1Max Planck Institute for Meteorology, Hamburg, Germany
2Bert Bolin Center for Climate Research, Stockholm, Sweden
3Stockholm University, Stockholm, Sweden
4Institute for Atmospheric and Climate Science, ETH Zurich, Zurich, Switzerland
5University of Colorado and NOAA-ESRL, Boulder, Colorado, USA
6Lund University, Lund, Sweden
7University of Leeds, Leeds, UK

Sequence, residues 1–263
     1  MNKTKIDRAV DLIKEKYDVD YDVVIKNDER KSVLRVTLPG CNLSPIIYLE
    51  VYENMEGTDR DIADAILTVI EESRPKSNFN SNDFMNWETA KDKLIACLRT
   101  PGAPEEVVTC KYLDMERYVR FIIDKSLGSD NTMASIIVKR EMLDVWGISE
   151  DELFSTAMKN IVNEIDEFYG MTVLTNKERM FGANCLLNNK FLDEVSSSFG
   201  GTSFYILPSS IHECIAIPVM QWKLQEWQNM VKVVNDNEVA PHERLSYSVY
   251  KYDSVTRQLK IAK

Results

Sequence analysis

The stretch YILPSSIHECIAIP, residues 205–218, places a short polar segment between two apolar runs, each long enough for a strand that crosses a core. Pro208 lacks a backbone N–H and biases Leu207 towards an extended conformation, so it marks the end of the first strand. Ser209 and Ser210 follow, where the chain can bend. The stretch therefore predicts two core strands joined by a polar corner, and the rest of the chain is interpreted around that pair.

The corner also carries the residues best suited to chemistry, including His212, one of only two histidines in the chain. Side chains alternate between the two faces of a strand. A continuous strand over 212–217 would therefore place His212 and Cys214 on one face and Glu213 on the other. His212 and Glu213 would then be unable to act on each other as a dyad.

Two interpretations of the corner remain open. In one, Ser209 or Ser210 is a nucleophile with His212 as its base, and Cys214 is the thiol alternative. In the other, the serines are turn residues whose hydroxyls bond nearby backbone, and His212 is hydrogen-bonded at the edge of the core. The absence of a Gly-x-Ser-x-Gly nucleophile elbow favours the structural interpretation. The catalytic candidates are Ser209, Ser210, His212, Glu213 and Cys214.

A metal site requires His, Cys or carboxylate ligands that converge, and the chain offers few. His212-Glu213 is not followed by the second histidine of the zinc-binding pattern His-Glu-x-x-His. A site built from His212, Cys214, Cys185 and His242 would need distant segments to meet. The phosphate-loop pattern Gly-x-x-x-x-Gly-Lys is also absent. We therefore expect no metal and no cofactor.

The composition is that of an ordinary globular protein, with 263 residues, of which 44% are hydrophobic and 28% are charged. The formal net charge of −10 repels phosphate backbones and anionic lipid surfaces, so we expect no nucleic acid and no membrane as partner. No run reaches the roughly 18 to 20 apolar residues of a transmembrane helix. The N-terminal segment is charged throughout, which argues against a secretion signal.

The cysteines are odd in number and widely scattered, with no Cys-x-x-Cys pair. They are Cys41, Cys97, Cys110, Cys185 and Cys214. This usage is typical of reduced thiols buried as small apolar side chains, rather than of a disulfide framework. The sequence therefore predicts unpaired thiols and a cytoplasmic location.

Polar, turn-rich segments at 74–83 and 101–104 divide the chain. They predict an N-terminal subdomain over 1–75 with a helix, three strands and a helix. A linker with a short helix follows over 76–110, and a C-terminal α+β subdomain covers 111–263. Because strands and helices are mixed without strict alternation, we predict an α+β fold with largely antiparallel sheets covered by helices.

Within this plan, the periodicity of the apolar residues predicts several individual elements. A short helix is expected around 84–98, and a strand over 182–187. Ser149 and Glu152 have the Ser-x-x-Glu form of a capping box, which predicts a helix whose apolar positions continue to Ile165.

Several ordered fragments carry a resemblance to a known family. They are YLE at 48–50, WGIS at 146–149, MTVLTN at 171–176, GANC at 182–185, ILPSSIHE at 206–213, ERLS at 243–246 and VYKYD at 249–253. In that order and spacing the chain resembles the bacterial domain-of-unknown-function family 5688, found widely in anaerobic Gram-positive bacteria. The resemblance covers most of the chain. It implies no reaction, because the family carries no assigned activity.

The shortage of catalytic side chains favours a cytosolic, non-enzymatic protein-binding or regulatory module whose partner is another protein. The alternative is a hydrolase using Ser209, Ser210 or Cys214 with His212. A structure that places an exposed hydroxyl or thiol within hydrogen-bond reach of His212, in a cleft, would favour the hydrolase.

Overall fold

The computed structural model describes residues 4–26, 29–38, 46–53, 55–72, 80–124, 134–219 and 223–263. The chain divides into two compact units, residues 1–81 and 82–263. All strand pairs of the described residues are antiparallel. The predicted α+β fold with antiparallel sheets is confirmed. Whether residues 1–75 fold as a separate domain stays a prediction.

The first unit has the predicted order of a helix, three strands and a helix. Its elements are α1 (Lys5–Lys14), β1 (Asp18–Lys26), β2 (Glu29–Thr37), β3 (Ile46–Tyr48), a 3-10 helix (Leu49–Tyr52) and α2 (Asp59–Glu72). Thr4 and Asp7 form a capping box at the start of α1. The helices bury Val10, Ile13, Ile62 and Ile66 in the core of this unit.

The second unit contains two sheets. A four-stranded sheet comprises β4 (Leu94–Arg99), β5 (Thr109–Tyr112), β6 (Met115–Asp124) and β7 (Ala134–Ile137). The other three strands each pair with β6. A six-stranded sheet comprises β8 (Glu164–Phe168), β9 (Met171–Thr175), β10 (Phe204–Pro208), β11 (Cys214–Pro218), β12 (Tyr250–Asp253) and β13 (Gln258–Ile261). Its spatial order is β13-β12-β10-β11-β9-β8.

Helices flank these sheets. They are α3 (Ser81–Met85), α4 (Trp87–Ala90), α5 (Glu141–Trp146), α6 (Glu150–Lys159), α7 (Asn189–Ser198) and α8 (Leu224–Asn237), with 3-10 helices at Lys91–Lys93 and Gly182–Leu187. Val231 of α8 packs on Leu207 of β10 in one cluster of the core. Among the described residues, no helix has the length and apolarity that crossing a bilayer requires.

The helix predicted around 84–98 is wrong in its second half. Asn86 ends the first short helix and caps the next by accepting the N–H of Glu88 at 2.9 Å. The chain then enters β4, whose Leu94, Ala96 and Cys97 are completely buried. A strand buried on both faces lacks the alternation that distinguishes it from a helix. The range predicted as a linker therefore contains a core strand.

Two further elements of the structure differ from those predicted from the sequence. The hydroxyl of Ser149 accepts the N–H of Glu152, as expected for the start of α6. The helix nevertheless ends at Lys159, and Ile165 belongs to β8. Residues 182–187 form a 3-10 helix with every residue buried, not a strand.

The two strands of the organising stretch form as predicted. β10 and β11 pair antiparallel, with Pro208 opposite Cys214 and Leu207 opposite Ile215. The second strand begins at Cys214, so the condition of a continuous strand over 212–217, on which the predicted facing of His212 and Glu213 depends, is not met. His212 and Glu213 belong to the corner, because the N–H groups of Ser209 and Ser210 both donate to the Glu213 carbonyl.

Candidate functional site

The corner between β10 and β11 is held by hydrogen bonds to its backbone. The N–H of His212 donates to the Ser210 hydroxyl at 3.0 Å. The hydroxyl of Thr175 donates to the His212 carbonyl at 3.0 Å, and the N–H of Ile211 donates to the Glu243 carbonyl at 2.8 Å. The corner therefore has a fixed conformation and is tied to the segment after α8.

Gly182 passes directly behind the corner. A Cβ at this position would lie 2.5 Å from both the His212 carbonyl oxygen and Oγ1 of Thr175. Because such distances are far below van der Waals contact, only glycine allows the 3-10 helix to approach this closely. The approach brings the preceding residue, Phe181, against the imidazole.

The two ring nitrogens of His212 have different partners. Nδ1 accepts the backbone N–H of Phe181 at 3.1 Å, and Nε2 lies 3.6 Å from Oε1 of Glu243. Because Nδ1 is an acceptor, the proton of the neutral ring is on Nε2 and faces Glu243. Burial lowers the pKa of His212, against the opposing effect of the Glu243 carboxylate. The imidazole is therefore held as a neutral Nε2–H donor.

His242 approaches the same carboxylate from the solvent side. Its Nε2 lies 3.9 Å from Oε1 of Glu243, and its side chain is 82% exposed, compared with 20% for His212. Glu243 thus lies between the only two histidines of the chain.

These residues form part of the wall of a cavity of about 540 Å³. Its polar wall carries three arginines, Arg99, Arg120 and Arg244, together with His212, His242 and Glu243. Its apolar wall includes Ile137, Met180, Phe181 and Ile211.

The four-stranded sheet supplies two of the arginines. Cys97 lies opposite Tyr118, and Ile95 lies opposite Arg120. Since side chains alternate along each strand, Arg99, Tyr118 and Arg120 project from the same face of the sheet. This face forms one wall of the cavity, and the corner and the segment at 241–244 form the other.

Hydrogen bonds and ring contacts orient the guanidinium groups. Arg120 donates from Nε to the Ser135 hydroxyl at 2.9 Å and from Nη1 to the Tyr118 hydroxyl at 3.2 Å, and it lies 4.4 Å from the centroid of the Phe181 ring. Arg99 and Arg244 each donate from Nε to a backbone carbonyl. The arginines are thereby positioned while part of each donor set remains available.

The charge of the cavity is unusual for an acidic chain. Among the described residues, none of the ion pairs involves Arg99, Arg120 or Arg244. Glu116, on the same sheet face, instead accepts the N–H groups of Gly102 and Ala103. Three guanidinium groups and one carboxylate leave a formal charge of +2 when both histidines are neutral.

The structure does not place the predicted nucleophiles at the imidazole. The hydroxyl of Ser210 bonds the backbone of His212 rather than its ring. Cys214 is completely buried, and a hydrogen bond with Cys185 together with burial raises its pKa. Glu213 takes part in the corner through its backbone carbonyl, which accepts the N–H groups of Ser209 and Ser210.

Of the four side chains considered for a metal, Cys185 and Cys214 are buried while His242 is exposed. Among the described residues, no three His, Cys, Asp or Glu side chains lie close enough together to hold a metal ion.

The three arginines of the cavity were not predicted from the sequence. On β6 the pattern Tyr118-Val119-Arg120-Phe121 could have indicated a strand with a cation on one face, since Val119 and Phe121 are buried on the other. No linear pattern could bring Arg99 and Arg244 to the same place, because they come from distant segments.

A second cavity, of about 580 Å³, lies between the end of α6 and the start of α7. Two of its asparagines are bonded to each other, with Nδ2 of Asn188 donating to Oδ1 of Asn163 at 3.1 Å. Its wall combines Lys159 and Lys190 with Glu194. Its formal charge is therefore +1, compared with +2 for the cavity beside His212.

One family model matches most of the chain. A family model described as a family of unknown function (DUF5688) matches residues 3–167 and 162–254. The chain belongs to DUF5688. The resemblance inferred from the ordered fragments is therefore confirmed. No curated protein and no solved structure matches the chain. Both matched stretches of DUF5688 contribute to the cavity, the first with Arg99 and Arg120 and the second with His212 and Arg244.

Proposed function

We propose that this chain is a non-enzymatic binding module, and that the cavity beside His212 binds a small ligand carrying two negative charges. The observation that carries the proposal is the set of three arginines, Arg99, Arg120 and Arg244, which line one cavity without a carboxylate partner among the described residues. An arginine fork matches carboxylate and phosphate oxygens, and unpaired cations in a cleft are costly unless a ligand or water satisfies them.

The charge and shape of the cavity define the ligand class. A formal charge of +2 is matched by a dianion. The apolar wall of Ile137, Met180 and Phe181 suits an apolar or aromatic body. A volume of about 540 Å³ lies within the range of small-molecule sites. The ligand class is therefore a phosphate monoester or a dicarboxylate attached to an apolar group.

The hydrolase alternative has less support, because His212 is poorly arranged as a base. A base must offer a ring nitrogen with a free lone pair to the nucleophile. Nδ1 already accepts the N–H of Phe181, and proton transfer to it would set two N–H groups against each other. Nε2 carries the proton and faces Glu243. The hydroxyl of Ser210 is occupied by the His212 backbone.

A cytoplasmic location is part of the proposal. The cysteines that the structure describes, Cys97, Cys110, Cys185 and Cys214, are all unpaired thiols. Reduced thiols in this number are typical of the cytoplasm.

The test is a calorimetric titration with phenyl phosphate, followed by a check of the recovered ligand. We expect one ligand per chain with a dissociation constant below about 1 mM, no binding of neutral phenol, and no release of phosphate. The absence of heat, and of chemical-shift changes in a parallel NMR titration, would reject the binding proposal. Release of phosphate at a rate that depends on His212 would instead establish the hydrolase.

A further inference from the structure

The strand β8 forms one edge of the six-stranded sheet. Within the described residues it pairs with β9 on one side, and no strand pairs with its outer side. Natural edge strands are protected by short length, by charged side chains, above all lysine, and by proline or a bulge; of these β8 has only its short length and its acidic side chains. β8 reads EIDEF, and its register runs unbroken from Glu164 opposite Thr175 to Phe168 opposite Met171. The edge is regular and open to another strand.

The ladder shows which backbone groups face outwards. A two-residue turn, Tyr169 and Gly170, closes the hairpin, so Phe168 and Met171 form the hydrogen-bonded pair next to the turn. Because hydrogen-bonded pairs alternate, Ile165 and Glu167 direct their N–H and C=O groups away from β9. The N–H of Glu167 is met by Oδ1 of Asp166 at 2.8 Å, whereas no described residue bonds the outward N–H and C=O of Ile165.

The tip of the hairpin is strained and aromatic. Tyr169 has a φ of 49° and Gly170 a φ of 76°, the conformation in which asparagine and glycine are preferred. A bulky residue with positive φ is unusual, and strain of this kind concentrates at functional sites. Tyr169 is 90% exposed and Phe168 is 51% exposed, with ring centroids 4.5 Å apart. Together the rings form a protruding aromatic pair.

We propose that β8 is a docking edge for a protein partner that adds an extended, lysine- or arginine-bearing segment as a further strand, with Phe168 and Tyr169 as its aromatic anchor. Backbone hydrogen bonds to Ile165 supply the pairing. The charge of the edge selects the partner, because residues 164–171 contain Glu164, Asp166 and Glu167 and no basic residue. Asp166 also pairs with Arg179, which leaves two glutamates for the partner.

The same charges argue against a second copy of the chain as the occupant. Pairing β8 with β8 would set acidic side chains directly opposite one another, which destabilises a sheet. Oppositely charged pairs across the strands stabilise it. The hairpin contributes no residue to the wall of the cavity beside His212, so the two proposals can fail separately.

Abstract. On average, airborne aerosol particles cool the Earth's surface directly by absorbing and scattering sunlight and indirectly by influencing cloud reflectivity, life time, thickness or extent. Here we show that over the central Arctic Ocean, where there is frequently a lack of aerosol particles upon which clouds may form, a small increase in aerosol loading may enhance cloudiness thereby likely causing a climatologically significant warming at the ice-covered Arctic surface. Under these low concentration conditions cloud droplets grow to drizzle sizes and fall, even in the absence of collisions and coalescence, thereby diminishing cloud water. Evidence from a case study suggests that interactions between aerosol, clouds and precipitation could be responsible for attaining the observed low aerosol concentrations.